Expectations & Reactions:
Nostalgia can be a dangerous drug. At times
necessary, the act of revisiting the past serves to place into perspective the
value and accomplishments of one's life, and provides fuel for overcoming current
obstacles. However, the habitual use of the drug can also introduce a vise-like
grip on the soul: no matter what happens in the present or future, the past can be
(and usually is) distorted to satiate one's own self image – for better or worse.
This effect can introduce a loss of momentum and a danger of paralysis
(psychological and/or creative) as one basks in what once was and what could have
After Steely Dan's release of Gaucho in
1980, the band's founding fathers, Walter Becker and Donald Fagen, split up and
called it quits. In their minds they had reached their "peak," and feeling
reatively and personally spent, the dynamic duo decided to go their separate ways.
Becker retreated to Hawaii, while Fagen had the idea of mining the past for his
next recording project. The result? The Nightfly, a critically
acclaimed and commercially successful debut solo album comprised of
autobiographical songs released in October 1982.
Fagen ironically reminisces about the nostalgic
Nightfly in the liner notes for WB's sparkling new DVD-Audio
re-issue of the classic album. "During the final mixdown...I started to feel
kind of funny, and that feeling turned into an even weirder feeling that had
to do with work and love and the past and mortality and so forth." He would
not release another album until 1993.
Could Fagen's act of revisiting the past, of
rediscovering his youthful naiveté and trying to reconcile that with adult cynicism
been a bit too much to handle? No doubt that The Nightfly is a
deeply personal album. No doubt that delving into the past for artistic gold
nuggets requires prolonged and incessant exposure to Nostalgia. It couldn't have
helped. Audio & Mix:
The Nightfly is justly
recognized as a masterpiece of both composition and engineering. Fagen's lyrics
– comprised of sly irony, tempered by nostalgic innocence – runs wonderfully
counterpoint to accessible melodies, wrapped in complex arrangements and crystal
clear production. The project has a history of being among the first digital
recordings in the early 1980s, and the CD still serves as a reference disc for many
producers, engineers, and audiophiles alike.
Some erroneous technical information regarding the
DVD-Audio version of The Nightfly has been floating around the
Internet of late; namely, that the sampling rate was kept at 24-bit/48khz to avoid
sample rate conversion from the original digital master tapes. While the DVD-
Audio's sampling rate is indeed close to the native sampling rate of the original
recording, there was a slight conversion. According to the album's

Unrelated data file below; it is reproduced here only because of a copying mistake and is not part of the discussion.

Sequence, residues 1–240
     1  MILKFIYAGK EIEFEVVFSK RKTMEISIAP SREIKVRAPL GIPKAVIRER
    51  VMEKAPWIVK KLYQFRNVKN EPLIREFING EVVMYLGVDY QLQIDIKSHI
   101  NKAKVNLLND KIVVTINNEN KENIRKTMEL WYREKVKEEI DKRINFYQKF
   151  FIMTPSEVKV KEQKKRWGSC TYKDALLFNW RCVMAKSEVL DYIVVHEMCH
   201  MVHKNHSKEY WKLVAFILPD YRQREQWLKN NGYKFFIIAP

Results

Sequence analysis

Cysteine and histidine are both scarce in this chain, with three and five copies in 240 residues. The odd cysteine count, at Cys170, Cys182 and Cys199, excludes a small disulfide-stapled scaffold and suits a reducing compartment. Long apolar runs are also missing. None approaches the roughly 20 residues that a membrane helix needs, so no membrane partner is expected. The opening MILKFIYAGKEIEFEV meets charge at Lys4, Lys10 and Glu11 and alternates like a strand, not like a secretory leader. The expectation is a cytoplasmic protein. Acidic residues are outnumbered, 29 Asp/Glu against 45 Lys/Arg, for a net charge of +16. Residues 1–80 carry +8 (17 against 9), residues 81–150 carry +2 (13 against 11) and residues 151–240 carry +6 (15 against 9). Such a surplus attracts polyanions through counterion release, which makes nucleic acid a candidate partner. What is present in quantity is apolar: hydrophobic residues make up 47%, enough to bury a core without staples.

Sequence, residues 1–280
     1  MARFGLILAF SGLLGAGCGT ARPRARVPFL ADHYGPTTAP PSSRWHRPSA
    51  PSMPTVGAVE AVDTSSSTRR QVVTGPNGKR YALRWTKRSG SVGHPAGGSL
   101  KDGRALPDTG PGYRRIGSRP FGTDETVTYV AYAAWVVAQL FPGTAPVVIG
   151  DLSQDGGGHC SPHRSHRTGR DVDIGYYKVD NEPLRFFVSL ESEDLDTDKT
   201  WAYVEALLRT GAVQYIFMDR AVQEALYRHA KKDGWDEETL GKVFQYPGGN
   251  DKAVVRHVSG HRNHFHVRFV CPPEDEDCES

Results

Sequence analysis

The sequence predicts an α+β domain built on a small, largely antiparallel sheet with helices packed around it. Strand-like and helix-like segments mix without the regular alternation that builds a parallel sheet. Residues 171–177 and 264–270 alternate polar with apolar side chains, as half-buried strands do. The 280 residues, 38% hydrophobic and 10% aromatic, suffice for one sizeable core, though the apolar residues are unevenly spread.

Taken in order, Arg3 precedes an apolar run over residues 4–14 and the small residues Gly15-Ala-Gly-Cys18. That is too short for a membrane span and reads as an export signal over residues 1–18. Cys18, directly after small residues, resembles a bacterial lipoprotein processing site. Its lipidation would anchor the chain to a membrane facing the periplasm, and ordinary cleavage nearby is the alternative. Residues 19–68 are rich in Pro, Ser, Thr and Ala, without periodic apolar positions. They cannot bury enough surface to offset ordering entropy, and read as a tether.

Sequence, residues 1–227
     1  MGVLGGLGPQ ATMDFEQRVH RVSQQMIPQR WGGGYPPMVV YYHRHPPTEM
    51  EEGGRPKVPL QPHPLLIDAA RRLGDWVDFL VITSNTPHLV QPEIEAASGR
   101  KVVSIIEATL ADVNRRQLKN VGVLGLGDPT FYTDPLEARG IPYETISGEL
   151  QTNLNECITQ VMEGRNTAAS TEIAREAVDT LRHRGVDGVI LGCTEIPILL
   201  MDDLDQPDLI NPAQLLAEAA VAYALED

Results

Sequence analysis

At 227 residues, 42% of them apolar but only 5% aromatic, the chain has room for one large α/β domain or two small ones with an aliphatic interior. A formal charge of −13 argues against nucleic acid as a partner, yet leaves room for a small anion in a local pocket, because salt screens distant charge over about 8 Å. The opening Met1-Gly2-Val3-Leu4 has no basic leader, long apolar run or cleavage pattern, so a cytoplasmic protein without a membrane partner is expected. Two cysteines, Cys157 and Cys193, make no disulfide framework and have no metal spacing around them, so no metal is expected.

engineer, Roger Nichols, The Nightfly was recorded on a 32 track
3M machine at 16-bit/50khz. Nichols did the tape transfers for the DVD-Audio disc
from the original 3M machine (which he still has) to 24-bit/48khz Pro Tools using
Apogee converters. The 5.1 mix was then done by Elliot Scheiner on a Neve analog
console at Presence Studio in Connecticut. The result is a prime example of the
glossy, "Steely Dan sound" – a pristine mix with airy highs, a nice dynamic range,
and a dry, uncluttered ambience.
However, The Nightfly on DVD-Audio
sounds a bit "thin" compared to Steely Dan's more recent DVD-Audio offering of
Two Against Nature. The older recording exhibits a somewhat reserved low
end and a thin mid-range – particularly evident in the horns and lead vocals. The
fact that The Nightfly's pioneering use of early 1980s digital
audio technology can even compare with the state-of-the-art digital recording of
Two Against Nature is an accomplishment in and of itself, but sadly,
The Nightfly just doesn't work as a reference disc for me anymore.
Ah, the sad tinge of nostalgia is seeping in...
That's certainly not to say that the album has
ever sounded better – it hasn't. The vintage stereo mix by Scheiner (located in
Group 1, second audio track with your remote) is included on the DVD-Audio disc,
and the sonics are an improvement over the good 'ol CD from the 1980s. The thin low
end has always been there, but the dynamics and transients sound a bit better. It's
not a huge improvement by any stretch of the imagination, but it's nice to have the
original mix for historical context.
Since Scheiner is responsible for the original
stereo mix, I'm not surprised that the 5.1 uncompressed MLP surround remix (Group
1, first audio track) sounds faithful to the original recording. The one slightly
distracting mix choice is Scheiner's fairly liberal use of the lead vocal in the
rear speakers. I prefer hearing lead vocals firmly planted in a wide, front
soundstage, while the rest of the instruments surround me. An interesting mix
choice in "I.G.Y." is Scheiner's use of a dry lead vocal track in the center
channel, with the same track in the other speakers with processing (reverb, etc.).
The result is a lead vocal with resolute intelligibility and enveloping ambiance.
The famous horns in "I.G.Y." are nicely placed in the rear speakers, but, as